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04 Nov 2010 16:05
The declining rankings of South Africa in some of the world’s key development and competitiveness indicators points to a massive policy failure by government, the Democratic Alliance (DA) said on Thursday.
The DA released a comparative analysis of South Africa’s performance in key international indicators, including the Human Development Index, released by the United Nations in 2009 and the Global Competitiveness Report, released by the World Economic Forum in 2010.
“If you don’t take into cognisance the trends highlighted by international statistics then you have no idea how far you are from becoming a failed state,” said Athol Trollip, the DA’s parliamentary leader.
Trollip called on government to take an “in-depth view” of the various indices and “not be clouded by rose-coloured lenses about where we actually are in South Africa”.
“These are reality checks,” he said.
According to the DA’s review under the Human Development Index, the country had slid to 129 out of 182 countries in 2009 due to contributing factors such as continued high crime rates, levels of poverty and HIV/Aids prevalence.
Under the Global Competitiveness Report, South Africa dropped from 45 out of 133 countries last year to 54 of 139.
It ranked very well in certain subcategories of the index such as the soundness of banks (six of 139), regulation of securities exchanges (one of 139) and strength of legal rights (six of 139).
In other subcategories the report noted serious shortfalls under health and education. Quality of education was ranked at 130 of 139, and quality of maths and science education at 137.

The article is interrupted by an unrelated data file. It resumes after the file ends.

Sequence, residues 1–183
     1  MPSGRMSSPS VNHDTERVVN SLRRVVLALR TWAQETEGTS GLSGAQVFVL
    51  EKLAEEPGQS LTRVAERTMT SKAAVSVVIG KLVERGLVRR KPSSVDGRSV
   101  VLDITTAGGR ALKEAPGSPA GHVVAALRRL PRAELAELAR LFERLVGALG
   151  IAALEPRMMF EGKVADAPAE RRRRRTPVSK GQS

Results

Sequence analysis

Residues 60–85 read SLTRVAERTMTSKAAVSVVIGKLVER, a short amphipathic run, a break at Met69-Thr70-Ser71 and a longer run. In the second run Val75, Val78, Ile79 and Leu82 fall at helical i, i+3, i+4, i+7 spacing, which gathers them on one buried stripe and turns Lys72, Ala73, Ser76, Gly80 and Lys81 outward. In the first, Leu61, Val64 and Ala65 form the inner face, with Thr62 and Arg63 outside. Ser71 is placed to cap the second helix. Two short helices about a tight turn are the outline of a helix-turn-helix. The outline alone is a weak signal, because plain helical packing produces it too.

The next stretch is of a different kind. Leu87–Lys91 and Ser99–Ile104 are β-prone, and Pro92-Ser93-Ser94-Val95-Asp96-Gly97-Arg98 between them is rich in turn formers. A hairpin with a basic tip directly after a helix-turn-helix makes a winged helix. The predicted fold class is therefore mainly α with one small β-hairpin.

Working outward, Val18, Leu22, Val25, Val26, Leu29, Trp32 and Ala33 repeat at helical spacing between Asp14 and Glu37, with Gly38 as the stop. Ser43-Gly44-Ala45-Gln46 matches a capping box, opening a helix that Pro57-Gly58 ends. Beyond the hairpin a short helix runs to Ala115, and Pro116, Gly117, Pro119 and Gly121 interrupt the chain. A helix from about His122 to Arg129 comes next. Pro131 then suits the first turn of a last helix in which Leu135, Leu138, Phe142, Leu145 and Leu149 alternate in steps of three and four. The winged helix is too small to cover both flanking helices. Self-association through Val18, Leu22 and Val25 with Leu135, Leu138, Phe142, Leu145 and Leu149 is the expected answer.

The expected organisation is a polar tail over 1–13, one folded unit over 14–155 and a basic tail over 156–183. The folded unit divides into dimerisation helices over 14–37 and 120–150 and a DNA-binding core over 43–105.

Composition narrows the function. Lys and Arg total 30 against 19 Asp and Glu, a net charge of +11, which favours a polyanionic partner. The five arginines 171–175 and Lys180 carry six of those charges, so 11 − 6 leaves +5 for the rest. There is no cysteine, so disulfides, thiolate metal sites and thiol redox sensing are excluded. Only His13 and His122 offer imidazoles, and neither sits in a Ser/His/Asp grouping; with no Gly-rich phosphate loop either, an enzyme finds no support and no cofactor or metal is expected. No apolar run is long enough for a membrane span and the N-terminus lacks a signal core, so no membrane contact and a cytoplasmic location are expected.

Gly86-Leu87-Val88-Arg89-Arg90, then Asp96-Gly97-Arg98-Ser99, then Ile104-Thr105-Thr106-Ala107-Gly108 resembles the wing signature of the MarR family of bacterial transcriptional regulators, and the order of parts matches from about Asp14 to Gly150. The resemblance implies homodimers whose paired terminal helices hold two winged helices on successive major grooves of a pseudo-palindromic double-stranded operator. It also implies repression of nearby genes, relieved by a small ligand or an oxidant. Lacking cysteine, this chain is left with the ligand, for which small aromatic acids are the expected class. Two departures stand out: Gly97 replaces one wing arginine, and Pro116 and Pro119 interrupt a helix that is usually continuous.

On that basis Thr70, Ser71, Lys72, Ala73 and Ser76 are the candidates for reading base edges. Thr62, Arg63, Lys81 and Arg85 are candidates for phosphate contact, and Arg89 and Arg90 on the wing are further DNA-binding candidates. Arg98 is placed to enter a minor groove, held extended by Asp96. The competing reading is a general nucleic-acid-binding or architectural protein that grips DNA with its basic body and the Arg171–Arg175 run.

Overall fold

Meanwhile in terms of health, SA ranked 127 for life expectancy, 109 for infant mortality and 138 for the business impact of HIV/Aids.
The DA also pointed to growing concerns over the freedom of the press and the declining international perceptions of media freedom in South Africa with the advent of the proposed protection of information Bill being reviewed in Parliament, as well as continued political pressure for the creation of a media appeals tribunal.
Trollip criticised the government for failing to produce regular comprehensive assessments regarding key aspect of development, such as the changing levels of poverty.
The critical shortage of key local data “placed greater importance on the information generated by international bodies”.
South Africa was coming off a relatively low base of development indicators 16 years into democracy and as such, should be showing steady if not rapid improvement rather than decline, he said.
“It’s very important to compare budget allocations to performance and if you look at health and education in particular we allocate more budget per capita than many developing countries but performance is limited.”
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